Richard Quebedeaux: In terms of the organizational process, to set up the conferences Darrol and I worked at the bottom level. Approval for people to be participants in these conferences must be made at the highest level. It is very interesting to find that even some of the allegedly chauvinistic leaders of the church are now absolutely insisting that everything be done to include women. Now, they don't know quite how to do it, but I think they are growing. I just wanted to make that statement to begin with.
Darrol Bryant: Just one other comment. The hermeneutics section is something for which I take total responsibility because the composition of that group was wholly in my hands. It wasn't because of something going on in the latest church. It was wholly my doing.
Lorine Getz: But it is to some degree because the church like the rest of society does not have a large number of women who are totally prepared to participate. I didn't want this to look like an accusation, because I think the problem is that we are all liable to recapitulate the pattern. And how do we deal with the problem that is already historically there?
Darrol Bryant: I am not doing apologetics about the situation. It was the best I knew how to do given the circumstances. The only reason I say that is just to make clear that there was no internal pressure from the church or from the seminary or anything like that that resulted in this situation. Quite the contrary, as Richard indicated, there is a desire from inside the church that these kinds of things don't happen.
William Shive: I would like to have some woman from the Unification Church explain to me what the male-female roles in the Unification Church are, particularly, what is right female action, lifestyle, what is right male action, lifestyle? Are they interchangeable?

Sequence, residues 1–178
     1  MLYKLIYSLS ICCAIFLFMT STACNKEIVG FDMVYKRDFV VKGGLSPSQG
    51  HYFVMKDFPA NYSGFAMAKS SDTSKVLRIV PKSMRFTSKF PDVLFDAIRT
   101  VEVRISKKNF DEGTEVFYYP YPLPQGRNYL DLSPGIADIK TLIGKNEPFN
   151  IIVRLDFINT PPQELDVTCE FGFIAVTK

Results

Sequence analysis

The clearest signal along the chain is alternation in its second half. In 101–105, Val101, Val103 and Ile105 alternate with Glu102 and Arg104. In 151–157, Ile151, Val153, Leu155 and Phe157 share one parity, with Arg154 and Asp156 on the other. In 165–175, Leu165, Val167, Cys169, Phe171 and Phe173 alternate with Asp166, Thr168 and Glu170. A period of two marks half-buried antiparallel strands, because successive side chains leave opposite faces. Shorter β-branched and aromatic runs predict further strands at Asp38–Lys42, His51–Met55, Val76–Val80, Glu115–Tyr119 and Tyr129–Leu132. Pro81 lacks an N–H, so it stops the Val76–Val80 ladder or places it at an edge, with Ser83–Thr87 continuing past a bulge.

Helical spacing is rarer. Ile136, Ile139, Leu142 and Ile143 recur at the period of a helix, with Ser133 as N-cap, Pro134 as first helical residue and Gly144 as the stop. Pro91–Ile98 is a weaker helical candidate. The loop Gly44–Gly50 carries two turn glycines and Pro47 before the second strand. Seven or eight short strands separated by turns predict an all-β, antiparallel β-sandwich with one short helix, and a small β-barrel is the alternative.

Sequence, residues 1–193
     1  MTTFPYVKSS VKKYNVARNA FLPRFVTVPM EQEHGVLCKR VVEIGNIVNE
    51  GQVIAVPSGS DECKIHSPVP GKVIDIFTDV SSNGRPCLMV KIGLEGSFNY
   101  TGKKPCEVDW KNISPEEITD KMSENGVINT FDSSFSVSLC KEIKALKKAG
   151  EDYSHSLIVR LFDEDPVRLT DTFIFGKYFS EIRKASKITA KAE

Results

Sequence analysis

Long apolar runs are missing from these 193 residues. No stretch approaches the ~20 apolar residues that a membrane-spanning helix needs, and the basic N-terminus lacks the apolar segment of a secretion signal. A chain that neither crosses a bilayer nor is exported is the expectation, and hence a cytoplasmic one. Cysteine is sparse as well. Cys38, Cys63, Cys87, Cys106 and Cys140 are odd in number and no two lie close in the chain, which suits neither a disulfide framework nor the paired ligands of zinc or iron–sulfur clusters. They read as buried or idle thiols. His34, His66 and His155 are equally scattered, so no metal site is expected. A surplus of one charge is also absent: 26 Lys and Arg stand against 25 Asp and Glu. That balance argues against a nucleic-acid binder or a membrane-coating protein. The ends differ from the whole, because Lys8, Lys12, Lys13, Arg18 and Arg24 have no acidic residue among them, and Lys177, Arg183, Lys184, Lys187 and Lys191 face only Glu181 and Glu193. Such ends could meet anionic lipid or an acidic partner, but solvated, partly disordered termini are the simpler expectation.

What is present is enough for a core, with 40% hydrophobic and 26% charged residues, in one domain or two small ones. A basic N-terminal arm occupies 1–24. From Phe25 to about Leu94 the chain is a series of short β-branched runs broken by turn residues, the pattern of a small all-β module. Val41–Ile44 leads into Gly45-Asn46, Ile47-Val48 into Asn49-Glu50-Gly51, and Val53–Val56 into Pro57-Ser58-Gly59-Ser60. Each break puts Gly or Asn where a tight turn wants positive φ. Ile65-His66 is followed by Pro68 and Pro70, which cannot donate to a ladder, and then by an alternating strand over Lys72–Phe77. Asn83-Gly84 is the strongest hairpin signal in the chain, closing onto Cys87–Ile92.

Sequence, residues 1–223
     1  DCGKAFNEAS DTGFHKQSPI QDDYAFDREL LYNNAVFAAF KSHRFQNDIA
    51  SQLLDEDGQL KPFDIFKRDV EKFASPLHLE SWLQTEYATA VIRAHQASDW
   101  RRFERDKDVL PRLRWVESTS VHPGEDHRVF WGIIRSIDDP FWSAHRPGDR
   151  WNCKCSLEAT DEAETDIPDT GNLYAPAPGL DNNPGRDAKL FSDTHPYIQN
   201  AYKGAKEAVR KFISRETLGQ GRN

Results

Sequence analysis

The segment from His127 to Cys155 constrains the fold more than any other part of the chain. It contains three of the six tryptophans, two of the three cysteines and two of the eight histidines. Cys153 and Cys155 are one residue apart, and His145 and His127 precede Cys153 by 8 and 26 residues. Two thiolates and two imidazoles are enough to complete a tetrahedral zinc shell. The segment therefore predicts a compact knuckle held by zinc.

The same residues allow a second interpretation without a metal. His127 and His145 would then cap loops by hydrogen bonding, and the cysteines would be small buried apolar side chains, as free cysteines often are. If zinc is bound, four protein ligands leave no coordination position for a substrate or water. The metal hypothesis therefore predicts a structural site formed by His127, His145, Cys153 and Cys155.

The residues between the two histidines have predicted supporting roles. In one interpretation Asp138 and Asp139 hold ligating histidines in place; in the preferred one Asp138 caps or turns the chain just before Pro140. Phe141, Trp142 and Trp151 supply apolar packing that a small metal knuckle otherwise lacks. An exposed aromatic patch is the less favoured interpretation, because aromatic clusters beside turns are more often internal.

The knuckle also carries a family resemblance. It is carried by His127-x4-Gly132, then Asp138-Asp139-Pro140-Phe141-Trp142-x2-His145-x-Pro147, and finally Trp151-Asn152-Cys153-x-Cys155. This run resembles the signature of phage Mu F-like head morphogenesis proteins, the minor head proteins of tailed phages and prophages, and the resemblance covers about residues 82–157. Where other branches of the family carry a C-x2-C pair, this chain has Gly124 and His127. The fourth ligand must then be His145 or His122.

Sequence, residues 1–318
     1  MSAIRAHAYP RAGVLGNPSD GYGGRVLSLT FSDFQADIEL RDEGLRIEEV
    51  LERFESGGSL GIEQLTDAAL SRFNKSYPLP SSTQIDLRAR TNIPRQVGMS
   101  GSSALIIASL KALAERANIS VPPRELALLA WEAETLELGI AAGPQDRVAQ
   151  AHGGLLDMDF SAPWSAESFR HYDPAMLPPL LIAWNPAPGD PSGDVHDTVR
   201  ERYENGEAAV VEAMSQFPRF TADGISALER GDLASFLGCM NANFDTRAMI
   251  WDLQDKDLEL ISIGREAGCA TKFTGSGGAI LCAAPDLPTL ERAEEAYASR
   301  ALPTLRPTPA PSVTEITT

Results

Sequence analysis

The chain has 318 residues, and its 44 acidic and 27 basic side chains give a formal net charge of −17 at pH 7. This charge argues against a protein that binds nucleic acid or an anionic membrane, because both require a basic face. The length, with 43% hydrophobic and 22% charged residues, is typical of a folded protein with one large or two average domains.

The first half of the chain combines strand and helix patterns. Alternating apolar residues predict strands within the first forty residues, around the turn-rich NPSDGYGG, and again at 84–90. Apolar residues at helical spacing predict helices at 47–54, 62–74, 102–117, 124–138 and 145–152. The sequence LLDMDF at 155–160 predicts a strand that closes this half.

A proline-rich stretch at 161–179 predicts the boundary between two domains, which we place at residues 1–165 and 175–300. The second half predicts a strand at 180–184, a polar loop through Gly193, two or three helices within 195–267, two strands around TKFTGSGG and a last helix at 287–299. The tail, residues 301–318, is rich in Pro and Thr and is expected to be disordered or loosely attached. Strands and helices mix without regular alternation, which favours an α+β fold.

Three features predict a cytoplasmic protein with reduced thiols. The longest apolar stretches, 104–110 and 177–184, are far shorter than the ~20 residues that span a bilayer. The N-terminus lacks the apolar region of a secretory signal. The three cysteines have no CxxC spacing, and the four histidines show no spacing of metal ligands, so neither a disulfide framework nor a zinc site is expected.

Diana Muxworthy: The reason for the hesitation is that obviously we are still struggling to figure that out. The balance that I think we are really struggling with is, where does Divine Principle as a lifestyle come through purely, if that is even possible? There is the cultural conflict between the American version, the Korean version, and the Japanese version or whatever version. I am from Puerto Rico, so I have my version coming from Latin culture. I know within myself there is a real struggle to work this out: what is purely Divine Principle and where does the cultural part come into play?
I want to admit that role modeling goes on. Yet in a center for instance, where there are brothers and sisters, there is really not that much distinction. The women do fundraising and witnessing; the men do fundraising and witnessing. At the News World there is pretty much a balance. At the seminary when I was first there, (and some of the professors can testify to that) I willingly and gladly served the cookies, the coffee and so forth at the meetings. In time that changed. Now it is Arthur who does a lot of the food preparation from what I understand. There is obviously flexibility in here. We don't have any clear sense ourselves really to be able to determine, say, this is right and this is wrong. We ate trying to work this out. That is why I appreciate the very strong, radical and angular critique of Lorine. She attacks us right on so that we are forced to confront ourselves. If we do come out and conclude in time or at least woman by woman that what we want is in a sense a traditional role, then I want to be given the opportunity to draw that conclusion, too.